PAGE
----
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Dutchman-pipe-vine

Fly Trapping Plant That Does NOT Eat its Catch

Most people have heard about bug-trapping plants that sustain themselves by digesting and absorbing nutrients from bugs that they catch. This gives them the option of living in soils of low fertility that other plants cannot tolerate. Good examples of this in our Florida Panhandle area include several species of pitcher plants, Venus flytraps (non-native), bladderworts, sundews and butterworts. Some trap their unsuspecting prey by “trickery” with the temptation of sweet but sticky droplets. Others draw prey by the allure of various scents and as the bugs crawl down a narrow passage to the “treat”, one-way hairs prevent them from crawling back out; the “trick.”

entrance-to-hair-lined-tube - the Dutchman’s Pipe (Aristolochia littoralis)

entrance-to-hair-lined-tube – the Dutchman’s Pipe (Aristolochia littoralis)

One-way hairs is the strategy employed by the Dutchman’s Pipe (Aristolochia littoralis), surely one of the oddest looking flowers on the planet. Also called the “calico flower,” this non-native species of Aristolochia, superficially resembles the Dutchman’s pipe that the famed Sherlock Holmes smoked. The plant is listed as a category II invasive on the Florida Exotic Pest Plant Council’s 2017 List of Invasive Plant Species. Florida also has three native species of Aristolochia, some of which are important larval foods for the pipevine swallowtail. However, there are several non-natives that are actually toxic to butterfly larvae. All of the plants contain a chemical compound called Aristolochic acid, which is considered a strong carcinogen and has been linked to cancer in people who have used this plant as an herbal remedy. The plant has also been found to be a potent kidney toxin and many people have required renal transplants or dialysis.

Aristolochia is not alone in the world of bug attracting plants or fungi when it uses a fragrance resembling rotting meat as bait. The unique feature of this plant comes in the trapping strategy that is employed. When a fly is lured down the one-way, hairy tube into the bulbous chamber that serves to hold it’s captor, the flowers reproductive structures are encountered.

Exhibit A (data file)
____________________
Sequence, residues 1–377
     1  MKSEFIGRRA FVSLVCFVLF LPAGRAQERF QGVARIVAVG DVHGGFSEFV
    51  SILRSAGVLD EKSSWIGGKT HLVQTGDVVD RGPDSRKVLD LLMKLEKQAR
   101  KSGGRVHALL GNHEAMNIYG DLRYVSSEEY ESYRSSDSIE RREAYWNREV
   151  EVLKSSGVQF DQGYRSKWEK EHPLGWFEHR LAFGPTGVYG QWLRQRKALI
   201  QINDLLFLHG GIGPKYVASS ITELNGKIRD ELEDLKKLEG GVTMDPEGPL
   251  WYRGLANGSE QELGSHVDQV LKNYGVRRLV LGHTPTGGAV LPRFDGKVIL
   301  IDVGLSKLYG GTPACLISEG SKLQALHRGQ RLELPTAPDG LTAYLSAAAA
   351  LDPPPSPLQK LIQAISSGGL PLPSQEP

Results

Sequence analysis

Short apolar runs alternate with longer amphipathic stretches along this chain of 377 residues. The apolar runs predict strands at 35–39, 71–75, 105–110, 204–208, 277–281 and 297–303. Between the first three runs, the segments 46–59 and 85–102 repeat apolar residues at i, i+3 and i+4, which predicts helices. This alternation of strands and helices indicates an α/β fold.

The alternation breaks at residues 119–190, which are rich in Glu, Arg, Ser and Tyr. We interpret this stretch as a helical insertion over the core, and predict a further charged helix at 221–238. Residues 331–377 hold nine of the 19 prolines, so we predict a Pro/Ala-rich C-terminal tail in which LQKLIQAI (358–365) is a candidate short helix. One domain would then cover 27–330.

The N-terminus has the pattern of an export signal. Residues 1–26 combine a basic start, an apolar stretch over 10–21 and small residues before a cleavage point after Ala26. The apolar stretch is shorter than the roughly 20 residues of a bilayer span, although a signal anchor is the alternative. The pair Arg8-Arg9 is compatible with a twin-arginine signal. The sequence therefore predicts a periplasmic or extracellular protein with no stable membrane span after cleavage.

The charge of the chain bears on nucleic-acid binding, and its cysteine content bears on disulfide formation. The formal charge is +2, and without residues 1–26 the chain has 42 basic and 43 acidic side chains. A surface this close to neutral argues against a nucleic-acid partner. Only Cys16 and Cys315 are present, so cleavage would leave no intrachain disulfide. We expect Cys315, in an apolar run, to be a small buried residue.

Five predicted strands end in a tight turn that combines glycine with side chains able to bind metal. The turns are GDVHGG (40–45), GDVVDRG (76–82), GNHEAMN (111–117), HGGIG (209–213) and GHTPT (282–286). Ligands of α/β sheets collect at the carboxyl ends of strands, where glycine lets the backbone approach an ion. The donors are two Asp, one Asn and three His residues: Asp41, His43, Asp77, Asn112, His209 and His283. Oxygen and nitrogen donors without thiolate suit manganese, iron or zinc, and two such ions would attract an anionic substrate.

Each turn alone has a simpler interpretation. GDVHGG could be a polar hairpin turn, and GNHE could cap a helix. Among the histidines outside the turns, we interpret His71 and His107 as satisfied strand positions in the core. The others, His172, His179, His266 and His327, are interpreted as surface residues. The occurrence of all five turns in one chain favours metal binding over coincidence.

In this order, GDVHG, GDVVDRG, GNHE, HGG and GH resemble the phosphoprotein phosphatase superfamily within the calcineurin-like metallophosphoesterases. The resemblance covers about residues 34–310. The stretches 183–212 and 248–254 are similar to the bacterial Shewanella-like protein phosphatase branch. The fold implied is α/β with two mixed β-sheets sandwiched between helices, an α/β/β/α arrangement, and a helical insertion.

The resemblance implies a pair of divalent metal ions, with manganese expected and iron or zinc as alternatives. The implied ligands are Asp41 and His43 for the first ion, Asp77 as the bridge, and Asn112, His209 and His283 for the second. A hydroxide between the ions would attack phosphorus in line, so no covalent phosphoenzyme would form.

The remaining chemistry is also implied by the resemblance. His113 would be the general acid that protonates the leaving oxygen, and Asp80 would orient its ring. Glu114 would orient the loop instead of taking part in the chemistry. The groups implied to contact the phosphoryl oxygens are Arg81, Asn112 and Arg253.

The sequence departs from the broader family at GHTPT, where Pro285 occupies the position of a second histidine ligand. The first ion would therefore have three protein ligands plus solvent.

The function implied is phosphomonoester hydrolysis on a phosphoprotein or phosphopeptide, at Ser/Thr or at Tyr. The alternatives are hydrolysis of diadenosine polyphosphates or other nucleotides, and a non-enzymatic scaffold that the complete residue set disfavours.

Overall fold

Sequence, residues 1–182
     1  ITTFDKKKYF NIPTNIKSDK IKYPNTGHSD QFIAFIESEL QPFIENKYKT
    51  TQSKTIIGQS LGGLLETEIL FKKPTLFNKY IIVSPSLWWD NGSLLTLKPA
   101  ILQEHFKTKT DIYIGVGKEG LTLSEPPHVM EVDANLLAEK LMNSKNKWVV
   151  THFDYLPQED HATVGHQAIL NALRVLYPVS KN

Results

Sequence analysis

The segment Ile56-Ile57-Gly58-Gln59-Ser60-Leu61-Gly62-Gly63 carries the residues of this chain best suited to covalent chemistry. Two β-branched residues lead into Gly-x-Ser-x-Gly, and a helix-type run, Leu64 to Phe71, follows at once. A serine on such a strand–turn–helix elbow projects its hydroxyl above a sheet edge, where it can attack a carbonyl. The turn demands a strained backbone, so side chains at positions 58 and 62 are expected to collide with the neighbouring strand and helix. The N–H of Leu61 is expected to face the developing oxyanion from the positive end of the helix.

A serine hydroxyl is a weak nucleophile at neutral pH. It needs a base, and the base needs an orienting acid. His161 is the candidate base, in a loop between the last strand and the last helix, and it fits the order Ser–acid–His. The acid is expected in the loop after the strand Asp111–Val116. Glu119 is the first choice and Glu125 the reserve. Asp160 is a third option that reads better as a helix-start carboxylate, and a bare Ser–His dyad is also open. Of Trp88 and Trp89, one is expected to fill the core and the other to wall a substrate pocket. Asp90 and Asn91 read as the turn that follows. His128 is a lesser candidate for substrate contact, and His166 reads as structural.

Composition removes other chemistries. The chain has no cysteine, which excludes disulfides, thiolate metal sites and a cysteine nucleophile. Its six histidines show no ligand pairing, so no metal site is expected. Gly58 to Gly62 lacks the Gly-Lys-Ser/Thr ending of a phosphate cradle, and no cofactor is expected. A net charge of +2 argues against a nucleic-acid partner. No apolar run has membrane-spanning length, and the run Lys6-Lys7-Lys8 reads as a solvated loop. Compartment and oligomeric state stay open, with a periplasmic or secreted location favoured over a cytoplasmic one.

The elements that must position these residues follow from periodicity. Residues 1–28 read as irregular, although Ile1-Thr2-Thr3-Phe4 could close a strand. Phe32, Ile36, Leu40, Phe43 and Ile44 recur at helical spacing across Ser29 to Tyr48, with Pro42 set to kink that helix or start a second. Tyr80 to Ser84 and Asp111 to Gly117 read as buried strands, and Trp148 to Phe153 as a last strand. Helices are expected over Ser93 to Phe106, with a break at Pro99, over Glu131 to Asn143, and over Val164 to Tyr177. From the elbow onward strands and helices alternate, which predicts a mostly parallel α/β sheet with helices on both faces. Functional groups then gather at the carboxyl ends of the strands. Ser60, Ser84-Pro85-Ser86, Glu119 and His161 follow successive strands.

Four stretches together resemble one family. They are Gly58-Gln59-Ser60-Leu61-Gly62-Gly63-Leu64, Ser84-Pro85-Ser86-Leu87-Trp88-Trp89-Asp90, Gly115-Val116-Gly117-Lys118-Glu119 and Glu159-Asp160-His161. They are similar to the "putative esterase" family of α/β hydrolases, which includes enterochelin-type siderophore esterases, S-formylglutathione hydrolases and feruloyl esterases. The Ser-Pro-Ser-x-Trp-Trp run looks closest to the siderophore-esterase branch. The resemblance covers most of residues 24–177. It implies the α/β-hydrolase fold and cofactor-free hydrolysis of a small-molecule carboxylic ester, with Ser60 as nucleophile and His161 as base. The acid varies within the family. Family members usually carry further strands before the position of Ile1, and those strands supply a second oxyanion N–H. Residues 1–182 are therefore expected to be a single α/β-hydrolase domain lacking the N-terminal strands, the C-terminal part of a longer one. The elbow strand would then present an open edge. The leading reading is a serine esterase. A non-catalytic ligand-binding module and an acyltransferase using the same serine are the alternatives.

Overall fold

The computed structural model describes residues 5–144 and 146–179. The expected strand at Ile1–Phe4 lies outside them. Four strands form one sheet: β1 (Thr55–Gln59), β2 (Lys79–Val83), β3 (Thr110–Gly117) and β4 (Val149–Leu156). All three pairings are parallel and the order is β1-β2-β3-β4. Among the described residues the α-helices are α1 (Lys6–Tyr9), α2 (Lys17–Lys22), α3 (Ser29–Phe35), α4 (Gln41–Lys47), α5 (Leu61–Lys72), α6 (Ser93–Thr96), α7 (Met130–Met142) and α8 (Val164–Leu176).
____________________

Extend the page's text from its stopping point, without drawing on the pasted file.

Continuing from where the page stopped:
reproductive-chamber-and-petals-before-they-open

reproductive-chamber-and-petals-before-they-open

During the fly’s exploration of the chamber, with no way out, pollen granules adhere to the fly’s body. Amazingly, within a day or so, the stiff hairs blocking the tubular entrance to the prison gradually relax or breakdown, allowing the fly to escape. Scientists who study these flowers all concur that a fly must have a very short memory because it isn’t long before the recent captor ventures into another Aristolochia trap to complete the flower’s pollination process.

The flower itself is an amazing structure of graceful lines, purplish-brown calico patterns and a bulbous reproductive chamber. However, the story behind the marvelous reproductive strategy of the plant is the hidden gem.

the Dutchman’s Pipe (Aristolochia littoralis)

the Dutchman’s Pipe (Aristolochia littoralis)

Be aware though, that this is not a plant that would be recommended for our Panhandle flower gardens due to its habit of invading wildlands. Oh, now that you’ve struggled through this entire article trying to pronounce Aristolochia in your head, here is how you say it: uh-wrist-oh-low-kee-uh. Good luck with that.

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